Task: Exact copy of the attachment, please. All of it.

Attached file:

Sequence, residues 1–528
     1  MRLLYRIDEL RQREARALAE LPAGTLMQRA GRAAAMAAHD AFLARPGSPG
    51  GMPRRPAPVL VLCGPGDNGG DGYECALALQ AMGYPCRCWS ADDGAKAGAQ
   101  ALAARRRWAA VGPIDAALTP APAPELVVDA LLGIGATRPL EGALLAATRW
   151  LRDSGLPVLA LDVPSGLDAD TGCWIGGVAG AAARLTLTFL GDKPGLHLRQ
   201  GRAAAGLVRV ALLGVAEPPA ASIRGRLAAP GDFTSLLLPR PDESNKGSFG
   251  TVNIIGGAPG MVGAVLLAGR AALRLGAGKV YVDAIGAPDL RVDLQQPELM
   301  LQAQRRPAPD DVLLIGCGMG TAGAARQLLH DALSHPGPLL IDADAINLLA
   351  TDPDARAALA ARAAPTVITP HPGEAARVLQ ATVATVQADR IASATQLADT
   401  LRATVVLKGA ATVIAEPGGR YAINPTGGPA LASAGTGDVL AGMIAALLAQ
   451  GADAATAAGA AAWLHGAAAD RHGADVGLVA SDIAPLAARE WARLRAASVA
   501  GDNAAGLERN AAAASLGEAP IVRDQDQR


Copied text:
Sequence, residues 1–528
     1  MRLLYRIDEL RQREARALAE LPAGTLMQRA GRAAAMAAHD AFLARPGSPG
    51  GMPRRPAPVL VLCGPGDNGG DGYECALALQ AMGYPCRCWS ADDGAKAGAQ
   101  ALAARRRWAA VGPIDAALTP APAPELVVDA LLGIGATRPL EGALLAATRW
   151  LRDSGLPVLA LDVPSGLDAD TGCWIGGVAG AAARLTLTFL GDKPGLHLRQ
   201  GRAAAGLVRV ALLGVAEPPA ASIRGRLAAP GDFTSLLLPR PDESNKGSFG
   251  TVNIIGGAPG MVGAVLLAGR AALRLGAGKV YVDAIGAPDL RVDLQQPELM
   301  LQAQRRPAPD DVLLIGCGMG TAGAARQLLH DALSHPGPLL IDADAINLLA
   351  TDPDARAALA ARAAPTVITP HPGEAARVLQ ATVATVQADR IASATQLADT
   401  LRATVVLKGA ATVIAEPGGR YAINPTGGPA LASAGTGDVL AGMIAALLAQ
   451  GADAATAAGA AAWLHGAAAD RHGADVGLVA SDIAPLAARE WARLRAASVA
   501  GDNAAGLERN AAAASLGEAP IVRDQDQR